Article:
- Communication regarding event logistics and any questions/comments that come up.
- Engagement between attendees through online forums, in person networking, and community management.
11. Leaving little to no time for event set up or take down.
Attendees will appreciate arriving to an event that is fully ready for them, which is why it is absolutely paramount that you as the event planner give your partners plenty of time – or as much time as the venue will allow – to get everything taken care of. You might even find out that the venue has another event before or after yours which will dictate your hard in or outs.
Details like these can slip through the cracks of any complicated event planning process but thinking ahead and communicating with everyone from the venue relationship manager to your catering company to your signage team will really help make sure the event begins and ends on a high note.
12. Neglecting to research what other local events or laws might affect your gathering.
An outdoor concert on the lawns of a museum is an amazing experience for attendees. Unless of course they find themselves on a parade route with nowhere to park or, if they make it to the location, any way of comfortably hearing the music. It’s an exaggerated example that hopefully gets the point across: you can’t prevent outside forces from affecting your event but you can certainly plan for them.
Here are some ways to research local area goings ons worth taking note of:
- Google events calendars for your event’s region, city, and neighborhood.
- Ask venue managers if there are any zoning laws you’ll have to abide by.
- Reach out to area event planners through social media and see if they have any war stories they’d like to share about particular areas or event spaces.
13. Failing to capture valuable event data.
Your event ROI is one of the most important, practical, and effective ways of measuring event success. Without out, you can certainly piece together other key event KPIs to figure out what did or did not go well. But either way, you need data to view all that information.
And it’s not just important for your team. Past and future sponsors will need to see those numbers too. Plus there’s no real way to determine what you can improve on in the future without having a clear record of how effective each event was.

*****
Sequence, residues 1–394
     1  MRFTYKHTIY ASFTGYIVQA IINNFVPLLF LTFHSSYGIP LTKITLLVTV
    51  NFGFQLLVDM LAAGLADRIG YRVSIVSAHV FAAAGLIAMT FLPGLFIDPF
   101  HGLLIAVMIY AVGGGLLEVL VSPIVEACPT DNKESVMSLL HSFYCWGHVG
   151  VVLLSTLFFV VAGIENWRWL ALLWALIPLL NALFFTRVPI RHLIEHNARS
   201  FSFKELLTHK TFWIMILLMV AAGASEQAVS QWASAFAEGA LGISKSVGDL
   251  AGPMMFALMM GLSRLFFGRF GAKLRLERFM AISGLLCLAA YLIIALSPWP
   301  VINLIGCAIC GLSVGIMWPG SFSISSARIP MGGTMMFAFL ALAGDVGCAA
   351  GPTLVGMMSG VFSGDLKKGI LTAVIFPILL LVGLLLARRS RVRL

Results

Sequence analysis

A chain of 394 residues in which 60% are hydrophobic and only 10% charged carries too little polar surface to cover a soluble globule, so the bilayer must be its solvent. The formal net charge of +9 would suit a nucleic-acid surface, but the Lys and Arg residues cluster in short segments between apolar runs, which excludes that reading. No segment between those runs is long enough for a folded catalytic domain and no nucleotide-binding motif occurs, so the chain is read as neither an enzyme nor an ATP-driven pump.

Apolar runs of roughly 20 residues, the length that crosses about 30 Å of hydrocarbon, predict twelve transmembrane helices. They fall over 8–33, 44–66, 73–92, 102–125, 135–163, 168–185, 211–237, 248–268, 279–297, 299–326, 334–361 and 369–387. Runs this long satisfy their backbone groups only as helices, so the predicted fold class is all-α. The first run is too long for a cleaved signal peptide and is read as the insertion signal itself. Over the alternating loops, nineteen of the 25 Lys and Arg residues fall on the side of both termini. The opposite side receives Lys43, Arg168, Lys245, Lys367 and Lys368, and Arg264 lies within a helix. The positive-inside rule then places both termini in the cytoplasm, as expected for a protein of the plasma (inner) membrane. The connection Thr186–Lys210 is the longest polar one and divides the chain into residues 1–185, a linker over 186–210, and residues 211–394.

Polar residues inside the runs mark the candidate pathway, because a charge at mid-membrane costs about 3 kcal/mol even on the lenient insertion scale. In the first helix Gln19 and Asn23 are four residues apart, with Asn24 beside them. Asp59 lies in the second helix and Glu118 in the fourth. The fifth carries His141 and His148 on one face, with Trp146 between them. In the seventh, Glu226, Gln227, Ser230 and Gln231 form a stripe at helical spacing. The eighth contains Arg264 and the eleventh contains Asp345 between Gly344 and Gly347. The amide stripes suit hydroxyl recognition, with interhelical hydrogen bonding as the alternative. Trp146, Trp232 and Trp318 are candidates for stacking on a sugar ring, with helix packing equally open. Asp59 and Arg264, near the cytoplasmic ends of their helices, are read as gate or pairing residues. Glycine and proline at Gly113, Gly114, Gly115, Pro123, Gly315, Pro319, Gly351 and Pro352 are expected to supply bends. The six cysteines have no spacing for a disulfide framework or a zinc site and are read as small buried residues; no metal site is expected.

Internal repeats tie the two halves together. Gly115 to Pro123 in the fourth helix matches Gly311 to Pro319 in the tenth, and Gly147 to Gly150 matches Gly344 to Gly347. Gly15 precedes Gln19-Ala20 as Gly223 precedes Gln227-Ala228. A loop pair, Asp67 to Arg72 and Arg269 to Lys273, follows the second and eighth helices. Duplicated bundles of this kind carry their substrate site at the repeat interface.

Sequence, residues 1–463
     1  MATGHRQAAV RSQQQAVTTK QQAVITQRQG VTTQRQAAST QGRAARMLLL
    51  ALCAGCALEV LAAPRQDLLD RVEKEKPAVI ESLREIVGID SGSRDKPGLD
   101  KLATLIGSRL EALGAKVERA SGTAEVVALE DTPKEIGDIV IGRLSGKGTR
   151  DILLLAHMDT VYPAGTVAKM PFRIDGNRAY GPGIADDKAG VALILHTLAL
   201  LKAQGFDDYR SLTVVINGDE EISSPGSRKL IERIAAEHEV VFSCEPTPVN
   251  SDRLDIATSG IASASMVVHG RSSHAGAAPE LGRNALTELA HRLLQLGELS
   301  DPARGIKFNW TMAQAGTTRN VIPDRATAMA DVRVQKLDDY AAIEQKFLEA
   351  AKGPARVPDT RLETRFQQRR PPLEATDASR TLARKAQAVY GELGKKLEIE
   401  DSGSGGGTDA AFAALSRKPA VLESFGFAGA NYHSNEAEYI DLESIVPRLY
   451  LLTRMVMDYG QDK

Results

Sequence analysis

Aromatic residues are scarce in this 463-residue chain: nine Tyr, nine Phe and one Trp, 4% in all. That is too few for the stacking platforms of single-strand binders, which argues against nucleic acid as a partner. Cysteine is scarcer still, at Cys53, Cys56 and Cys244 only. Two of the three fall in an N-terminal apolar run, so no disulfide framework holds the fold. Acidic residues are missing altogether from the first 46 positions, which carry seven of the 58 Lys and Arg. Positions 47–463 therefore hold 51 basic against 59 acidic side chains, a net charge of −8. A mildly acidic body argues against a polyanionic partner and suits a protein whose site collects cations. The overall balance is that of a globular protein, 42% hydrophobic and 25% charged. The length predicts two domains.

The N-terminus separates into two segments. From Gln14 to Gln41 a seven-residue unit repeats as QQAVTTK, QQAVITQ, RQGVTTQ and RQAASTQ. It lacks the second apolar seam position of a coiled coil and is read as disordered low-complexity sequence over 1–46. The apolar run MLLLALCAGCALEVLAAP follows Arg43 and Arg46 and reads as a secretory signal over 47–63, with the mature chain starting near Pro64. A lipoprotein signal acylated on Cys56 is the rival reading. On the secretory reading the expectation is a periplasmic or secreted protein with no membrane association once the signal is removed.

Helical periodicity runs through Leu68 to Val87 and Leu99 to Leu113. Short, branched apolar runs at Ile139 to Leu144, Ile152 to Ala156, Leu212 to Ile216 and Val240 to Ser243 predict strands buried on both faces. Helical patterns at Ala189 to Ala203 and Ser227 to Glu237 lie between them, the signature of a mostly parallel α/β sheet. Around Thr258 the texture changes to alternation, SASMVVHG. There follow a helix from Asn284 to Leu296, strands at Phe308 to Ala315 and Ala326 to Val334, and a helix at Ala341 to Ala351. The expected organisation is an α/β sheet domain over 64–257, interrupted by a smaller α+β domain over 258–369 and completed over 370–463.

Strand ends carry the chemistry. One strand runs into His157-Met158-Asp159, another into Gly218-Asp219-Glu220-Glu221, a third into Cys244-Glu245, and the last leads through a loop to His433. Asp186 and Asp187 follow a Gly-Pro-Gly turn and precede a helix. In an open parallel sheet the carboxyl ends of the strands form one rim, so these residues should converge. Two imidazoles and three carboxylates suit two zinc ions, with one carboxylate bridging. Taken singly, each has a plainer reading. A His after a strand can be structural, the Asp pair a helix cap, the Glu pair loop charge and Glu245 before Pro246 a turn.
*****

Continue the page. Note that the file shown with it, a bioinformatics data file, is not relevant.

14. Over-programming your event schedule.
No matter how cool your schedule line up is, everyone needs a little down time here and there. Make sure that your event schedule has plenty of the following:
- Designated free periods where there are no events, activities, or keynotes going on.
- Clearly stated or suggested program lunch breaks.
- Down time that is completely separate from networking events, where your more introverted guests can take a breather.
- Early wrap up times at the end of multi-day events so attendees don’t burn out.
15. Not confirming your vendors.
This event planning mistake is more common than you might think. In addition to paying your deposit, looping them in on relevant email chains, and confirming your venue set up times, you need to get one final confirmation within 48 hours of the event.
You never know what might come up – whether it’s a personal family matter or a flaky vendor, having written confirmation from all partners is a great way to prevent any misunderstandings. Plus, if something does go wrong, your event insurance company can use that documented communication to help assure them that you did everything in your power to make things work.
Now you’re ready to avoid the most common event planning mistakes
The good news is there is one common thread connecting all of these top event planning challenges; they are completely avoidable. Whether you use the solutions mentioned above or come up with your own, your event will surely benefit from this new knowledge!
For more event planning advice, check out these great reads:
- 15 of the Best Event Planning Niches
- The Ultimate Party Planning Checklist Template
- How to Create Better Networking Moments at Events